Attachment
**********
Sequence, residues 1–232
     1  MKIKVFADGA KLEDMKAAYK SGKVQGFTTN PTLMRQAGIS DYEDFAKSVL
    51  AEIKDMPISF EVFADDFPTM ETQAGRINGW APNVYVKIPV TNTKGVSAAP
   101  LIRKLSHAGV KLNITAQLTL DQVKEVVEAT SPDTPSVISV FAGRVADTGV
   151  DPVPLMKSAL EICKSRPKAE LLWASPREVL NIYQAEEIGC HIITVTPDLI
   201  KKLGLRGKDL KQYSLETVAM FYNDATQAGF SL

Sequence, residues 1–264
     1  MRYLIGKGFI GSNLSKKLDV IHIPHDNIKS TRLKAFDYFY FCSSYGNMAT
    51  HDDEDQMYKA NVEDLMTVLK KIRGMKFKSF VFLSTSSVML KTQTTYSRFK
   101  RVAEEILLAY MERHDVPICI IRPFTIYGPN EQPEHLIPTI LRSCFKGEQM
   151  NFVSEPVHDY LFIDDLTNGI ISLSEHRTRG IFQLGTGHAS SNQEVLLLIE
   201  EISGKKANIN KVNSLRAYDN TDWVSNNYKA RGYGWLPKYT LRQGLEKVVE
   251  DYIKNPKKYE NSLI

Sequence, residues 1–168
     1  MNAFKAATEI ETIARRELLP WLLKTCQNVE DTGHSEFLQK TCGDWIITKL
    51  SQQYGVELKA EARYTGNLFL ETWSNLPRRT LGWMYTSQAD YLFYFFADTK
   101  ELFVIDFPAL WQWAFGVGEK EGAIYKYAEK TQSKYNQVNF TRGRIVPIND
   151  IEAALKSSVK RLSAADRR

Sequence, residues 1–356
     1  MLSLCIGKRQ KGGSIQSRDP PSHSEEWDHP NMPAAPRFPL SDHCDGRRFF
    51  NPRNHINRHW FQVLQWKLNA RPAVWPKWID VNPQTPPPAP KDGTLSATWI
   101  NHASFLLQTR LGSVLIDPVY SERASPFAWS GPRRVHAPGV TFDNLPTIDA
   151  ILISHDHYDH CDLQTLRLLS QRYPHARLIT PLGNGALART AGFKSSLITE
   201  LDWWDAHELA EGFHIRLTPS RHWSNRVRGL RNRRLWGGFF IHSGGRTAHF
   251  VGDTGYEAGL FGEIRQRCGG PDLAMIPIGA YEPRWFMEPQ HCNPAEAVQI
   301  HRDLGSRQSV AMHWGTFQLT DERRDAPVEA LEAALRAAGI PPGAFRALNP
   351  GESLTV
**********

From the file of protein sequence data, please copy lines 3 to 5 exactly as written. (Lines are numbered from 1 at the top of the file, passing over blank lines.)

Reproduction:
    51  AEIKDMPISF EVFADDFPTM ETQAGRINGW APNVYVKIPV TNTKGVSAAP
   101  LIRKLSHAGV KLNITAQLTL DQVKEVVEAT SPDTPSVISV FAGRVADTGV
   151  DPVPLMKSAL EICKSRPKAE LLWASPREVL NIYQAEEIGC HIITVTPDLI